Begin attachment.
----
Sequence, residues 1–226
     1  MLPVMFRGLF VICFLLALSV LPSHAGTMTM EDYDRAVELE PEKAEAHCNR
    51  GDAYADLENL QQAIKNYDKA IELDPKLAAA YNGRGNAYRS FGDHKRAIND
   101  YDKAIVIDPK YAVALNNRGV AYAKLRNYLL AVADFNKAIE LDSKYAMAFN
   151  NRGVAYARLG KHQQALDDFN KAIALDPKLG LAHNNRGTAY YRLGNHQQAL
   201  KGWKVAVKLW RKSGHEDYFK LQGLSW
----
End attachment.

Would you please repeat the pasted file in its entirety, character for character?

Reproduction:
Sequence, residues 1–226
     1  MLPVMFRGLF VICFLLALSV LPSHAGTMTM EDYDRAVELE PEKAEAHCNR
    51  GDAYADLENL QQAIKNYDKA IELDPKLAAA YNGRGNAYRS FGDHKRAIND
   101  YDKAIVIDPK YAVALNNRGV AYAKLRNYLL AVADFNKAIE LDSKYAMAFN
   151  NRGVAYARLG KHQQALDDFN KAIALDPKLG LAHNNRGTAY YRLGNHQQAL
   201  KGWKVAVKLW RKSGHEDYFK LQGLSW